fun weekend of round ball on the ground, soccer in the Cincy area as the boys from Lexington decided to go ahead and win the whole damned tournament. in roughly 280 minutes of soccer, the allowed one goal and that was in the final to the current Kentucky State Cup champion Kings Hammer Academy…nice slice of revenge to beat them soundly, 3-1. but more importantly, an apt birthday present for a kid who has truly put in one hellacious amount of soccer work over the spring and summer. this shot serves as the final photo of year 13. a gold medal around the neck, a smile at the car door, a twinkle of something accomplished in the eye. what you can’t see in the photo is me, behind the camera, proud, happy for him and his team but with a twinge of sadness as the moments of boyhood continue to dissolve right before my eyes. he grows in every way, every day.
happy birthday to us.
it’s one of the oldest cliches in the world really, “you have to have goals!” it’s a mantra that is delivered to kids day in and day out as we try and give them a reason to want more, to achieve more, to do those things we didn’t, wouldn’t or probably, couldn’t do. this cliche is never more overused than when putting kids into a competitive sports environment. it’s as if adults have unlocked the key to athletic prowess and that key is the act of setting goals. i’m no different, totally guilty of these mindless cheerleading sessions that are meant to motivate, sure, but also some sort of batch of statements you make that cement your place as “parent” by extoling some life-lesson we assume a child is too simple to pick-up on his own and i guess we also take for granted that we are telling a kid something that a coach, trainer or any number of feel-good stories that accompany Olympic, NCAA, or just about any other sports broadcasts have failed to mention.
so, then after you have asked a kid to have some goals, to work hard, to do their best, to strive to blah, blah, blah and they do some of those things and they begin to achieve goals they have set for themselves…then what? do we just follow along the same path, again? do we just say, “hey, good job, set some more goals and go get those and do things and stuff and succeed and go, fight win!”? there’s got to be something more we do right? i ask because athletically, academically and even socially i see that goals were set by the boys in my life and they met some of them and they are still growing, changing and maturing and sure, not all of their goals have been met and hopefully they have a stack of truly great things they want to get to in their lives, but how to you nurture a willingness to succeed? and is a large percentage of it totally out of a parent’s hands, my gut says to some extent, yes. you hope you have somehow given them enough to be self-motivated or that just their resentment of your blathering on and on about goals is annoying enough that they are motivated just to shut you up.
either way, here’s to a boy who has had some goals for himself on the soccer field. he achieved one by playing high school soccer in 7th grade and another over the weekend by starting on the Varsity team as a Freshman. i don’t think he’s done setting or achieving yet–but i won’t take any credit for either. he’s doing it. i’m just trying to take some pictures as it happens.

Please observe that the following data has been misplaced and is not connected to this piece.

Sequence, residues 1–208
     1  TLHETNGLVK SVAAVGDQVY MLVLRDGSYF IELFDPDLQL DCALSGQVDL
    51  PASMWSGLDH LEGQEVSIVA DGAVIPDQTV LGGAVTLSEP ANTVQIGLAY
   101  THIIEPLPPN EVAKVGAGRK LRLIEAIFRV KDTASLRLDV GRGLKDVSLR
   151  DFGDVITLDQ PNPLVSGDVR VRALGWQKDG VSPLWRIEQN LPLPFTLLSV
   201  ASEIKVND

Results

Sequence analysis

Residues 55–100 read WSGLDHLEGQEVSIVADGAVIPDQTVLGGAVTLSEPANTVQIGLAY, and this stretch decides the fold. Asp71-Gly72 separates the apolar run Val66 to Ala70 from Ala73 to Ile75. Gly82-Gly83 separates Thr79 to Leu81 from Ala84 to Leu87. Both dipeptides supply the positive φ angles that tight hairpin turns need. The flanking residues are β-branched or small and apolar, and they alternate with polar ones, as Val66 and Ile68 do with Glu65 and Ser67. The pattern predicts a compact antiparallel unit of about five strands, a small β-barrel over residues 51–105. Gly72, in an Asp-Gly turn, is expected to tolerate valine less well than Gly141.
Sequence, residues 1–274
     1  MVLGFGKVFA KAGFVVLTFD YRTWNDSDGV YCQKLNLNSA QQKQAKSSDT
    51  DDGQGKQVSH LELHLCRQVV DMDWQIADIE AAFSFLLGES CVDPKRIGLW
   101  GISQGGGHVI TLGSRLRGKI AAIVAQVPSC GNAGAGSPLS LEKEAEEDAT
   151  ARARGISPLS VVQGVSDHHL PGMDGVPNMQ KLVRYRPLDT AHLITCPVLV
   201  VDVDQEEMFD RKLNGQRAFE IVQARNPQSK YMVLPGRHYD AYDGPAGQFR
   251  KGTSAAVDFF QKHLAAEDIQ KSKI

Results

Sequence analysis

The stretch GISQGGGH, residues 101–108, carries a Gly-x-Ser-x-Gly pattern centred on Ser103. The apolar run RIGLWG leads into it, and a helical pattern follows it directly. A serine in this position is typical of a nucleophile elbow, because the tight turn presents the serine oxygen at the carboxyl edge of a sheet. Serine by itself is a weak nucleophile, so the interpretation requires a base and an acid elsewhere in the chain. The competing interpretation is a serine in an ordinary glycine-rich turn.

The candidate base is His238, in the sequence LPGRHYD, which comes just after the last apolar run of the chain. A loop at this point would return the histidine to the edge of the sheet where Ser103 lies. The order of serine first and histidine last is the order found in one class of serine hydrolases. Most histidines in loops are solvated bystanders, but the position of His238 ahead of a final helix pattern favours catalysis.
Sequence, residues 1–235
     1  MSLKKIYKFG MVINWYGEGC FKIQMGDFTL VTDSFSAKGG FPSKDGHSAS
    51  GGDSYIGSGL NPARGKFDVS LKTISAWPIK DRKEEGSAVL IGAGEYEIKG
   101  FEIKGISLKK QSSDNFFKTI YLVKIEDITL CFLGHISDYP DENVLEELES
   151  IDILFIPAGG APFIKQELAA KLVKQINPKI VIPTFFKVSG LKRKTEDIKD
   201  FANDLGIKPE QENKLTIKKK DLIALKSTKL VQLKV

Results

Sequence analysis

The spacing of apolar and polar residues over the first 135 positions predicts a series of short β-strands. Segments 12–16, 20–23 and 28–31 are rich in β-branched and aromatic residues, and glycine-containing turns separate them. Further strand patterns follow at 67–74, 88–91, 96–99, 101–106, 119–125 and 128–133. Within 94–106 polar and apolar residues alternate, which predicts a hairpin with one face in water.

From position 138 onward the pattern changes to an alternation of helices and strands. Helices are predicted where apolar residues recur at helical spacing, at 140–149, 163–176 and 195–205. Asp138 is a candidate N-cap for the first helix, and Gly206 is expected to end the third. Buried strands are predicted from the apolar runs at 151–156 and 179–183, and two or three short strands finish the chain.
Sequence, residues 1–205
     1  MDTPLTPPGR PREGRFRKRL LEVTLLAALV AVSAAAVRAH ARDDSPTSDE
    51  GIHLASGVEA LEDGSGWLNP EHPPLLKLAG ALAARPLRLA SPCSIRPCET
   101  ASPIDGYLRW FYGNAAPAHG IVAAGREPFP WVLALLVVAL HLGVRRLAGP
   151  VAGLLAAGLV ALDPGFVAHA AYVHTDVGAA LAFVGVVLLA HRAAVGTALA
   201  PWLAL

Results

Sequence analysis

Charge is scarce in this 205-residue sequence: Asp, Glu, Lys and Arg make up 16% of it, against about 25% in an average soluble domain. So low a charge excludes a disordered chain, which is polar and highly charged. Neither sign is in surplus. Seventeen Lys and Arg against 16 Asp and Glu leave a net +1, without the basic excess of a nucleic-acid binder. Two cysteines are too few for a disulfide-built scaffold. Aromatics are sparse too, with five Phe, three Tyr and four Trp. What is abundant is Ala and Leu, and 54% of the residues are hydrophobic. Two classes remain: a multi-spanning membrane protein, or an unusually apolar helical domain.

varsity tackle. Saturday, August 10.
i have to tell you, big festivals are really no way to enjoy bands, music, beer, food, soil, water or casual sex. maybe i am just old but i find myself staring at the damn video screens instead of the stage, i just cannot connect to the bands. spoiled by a youth of booking bands, playing in a band, eating with bands, and generally being bored with bands before being blown away by bands who were literally sharing my sweat, spit and spite the whole festival thing ultimately leaves me a little cold. not that i don’t appreciate the whole overpriced flea market appeal of it all but $10 Sierra Nevada’s and taco truck lines sure ain’t for old punks. give me a draft, a chair and a band i’ve never heard of within throwing distance, in a room of a couple dozen enthusiastic know-it-alls and i’d be more tickled…you know, just how we used to see The Black Keys. i’m guessing, inside, the boys in the band feel the same way.
Patrick Carney @patrickcarney of The Black Keys on a video screen at Forecastle Festival.
Seeing the unseeable
Filling down the void,
We’re not what we used to be
We’re not really boys.
–Unconsciously Screamin’, In a Priest-Driven Ambulance, the Flaming Lips
somehow 25 years has passed and things have changed, and things have samed. there’s always been music that mattered, hidden in the cracks of existence, in the lowest, in the best and the most mundane moments that i have been. if you took all of it, shook it out, there would be bands and musicians who probably meant the most, who were the pieces in the soundtrack in the made-for-TV movie that is my little life. the Lips would be there.
hey, i just heard that the US got beat by Mexico. no, not talking about in the Gold Cup or any of that. i am talking about for the title of fattest, most obese, most likely to belch then fall over dead. ironic how poverty now leads to obesity instead of starvation. explain to me again how fresh food is too expensive for normal humans to eat yet factories can pump out completely processed shit for much less than we can get it from a farmer? job creators to human cremators. makes little sense. sigh.
rain or shine, darkness or light, pack yours for recluse and potential weather of extreme-style conditions.
As Spring makes its less than subtle shift into Summer. So goes soccer, bypassing Summer with Fall as the goal. Club, school, new teams, new players the only constant is a ball, some form of grass, real or otherwise and of course, a boy.